The International Criminal Court has issued arrest warrants for Kony and other LRA commanders, charging them with war crimes and crimes against humanity, but the court depends on governments to make arrests.
So far Uganda has done the most to pursue the LRA, but ineffectively. The LRA is not large–an estimated 200 to 250 seasoned Ugandan combatants, plus at least several hundred abductees–but as Ugandan President Yoweri Museveni recently told me, Uganda lacks the special forces, expert intelligence, and rapid-deployment capacity needed to stamp out this enemy.
In May, Obama signed a bill committing the United States to help arrest Kony and his commanders and protect the affected population. Now it is high time to act. Arresting Kony would reaffirm that mass murder cannot be committed with impunity. And it would show that, despite the difficulties in Iraq and Afghanistan, the humanitarian use of force remains a live option at the Obama White House.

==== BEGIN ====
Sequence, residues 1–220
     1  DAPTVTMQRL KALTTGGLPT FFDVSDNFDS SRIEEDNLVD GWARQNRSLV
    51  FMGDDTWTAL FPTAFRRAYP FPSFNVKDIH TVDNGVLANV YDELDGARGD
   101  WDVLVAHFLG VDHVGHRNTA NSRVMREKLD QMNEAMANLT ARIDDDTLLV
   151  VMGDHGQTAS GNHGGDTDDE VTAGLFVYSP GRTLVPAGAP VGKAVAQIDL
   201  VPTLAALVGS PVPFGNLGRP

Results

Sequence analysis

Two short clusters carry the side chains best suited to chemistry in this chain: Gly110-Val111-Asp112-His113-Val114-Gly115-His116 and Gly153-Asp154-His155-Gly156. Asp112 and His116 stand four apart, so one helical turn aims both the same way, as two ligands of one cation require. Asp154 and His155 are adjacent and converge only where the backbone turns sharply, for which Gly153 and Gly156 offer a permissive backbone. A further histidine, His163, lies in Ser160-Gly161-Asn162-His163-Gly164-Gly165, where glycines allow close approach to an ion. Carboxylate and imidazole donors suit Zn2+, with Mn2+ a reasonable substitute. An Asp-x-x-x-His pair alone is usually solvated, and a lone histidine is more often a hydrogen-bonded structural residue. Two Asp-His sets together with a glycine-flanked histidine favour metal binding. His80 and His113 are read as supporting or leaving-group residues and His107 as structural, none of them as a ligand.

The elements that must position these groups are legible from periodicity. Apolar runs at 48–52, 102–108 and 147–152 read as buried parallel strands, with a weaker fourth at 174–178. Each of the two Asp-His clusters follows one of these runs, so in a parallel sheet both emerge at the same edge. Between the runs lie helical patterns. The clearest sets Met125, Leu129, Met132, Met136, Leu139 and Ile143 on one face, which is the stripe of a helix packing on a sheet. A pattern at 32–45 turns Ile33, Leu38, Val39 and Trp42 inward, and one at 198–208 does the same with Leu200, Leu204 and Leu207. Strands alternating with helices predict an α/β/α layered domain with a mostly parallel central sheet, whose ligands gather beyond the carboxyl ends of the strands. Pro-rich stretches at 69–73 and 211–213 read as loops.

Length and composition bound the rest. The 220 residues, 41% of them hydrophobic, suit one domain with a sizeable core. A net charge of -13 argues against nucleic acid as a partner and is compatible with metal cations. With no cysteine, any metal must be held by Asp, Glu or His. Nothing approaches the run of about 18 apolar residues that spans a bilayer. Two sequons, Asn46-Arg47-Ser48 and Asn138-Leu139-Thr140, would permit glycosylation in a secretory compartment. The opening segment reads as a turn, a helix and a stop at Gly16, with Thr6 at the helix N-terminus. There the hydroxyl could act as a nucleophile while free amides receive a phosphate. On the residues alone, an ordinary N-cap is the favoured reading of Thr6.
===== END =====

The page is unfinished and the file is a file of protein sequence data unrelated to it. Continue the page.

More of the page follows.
This provoked the following response from the Abu Maqawama blog. It is entitled “The Worst Idea on the Internet Today”:
It’s not quite New Coke, and it’s not as ill-advised as signing up to be al-Qaeda’s #3, but this is a pretty bad idea.
Wrap your head around this one: the executive director of Human Rights Watch, an organization for which I have much respect, has suggested the United States wage a counter-guerrilla campaign in the dense jungles of not one but four central and east African states to defeat the Lord’s Resistance Army and arrest Joseph Kony.
What could go wrong, right? I mean, this would surely be one of those in-and-out things. And our efforts to track down and arrest two dudes in the border region between Afghanistan and Pakistan went off without a hitch in 2001, so we probably don’t need to do any contingency planning or anything. This is what we call a fail-safe plan. . . .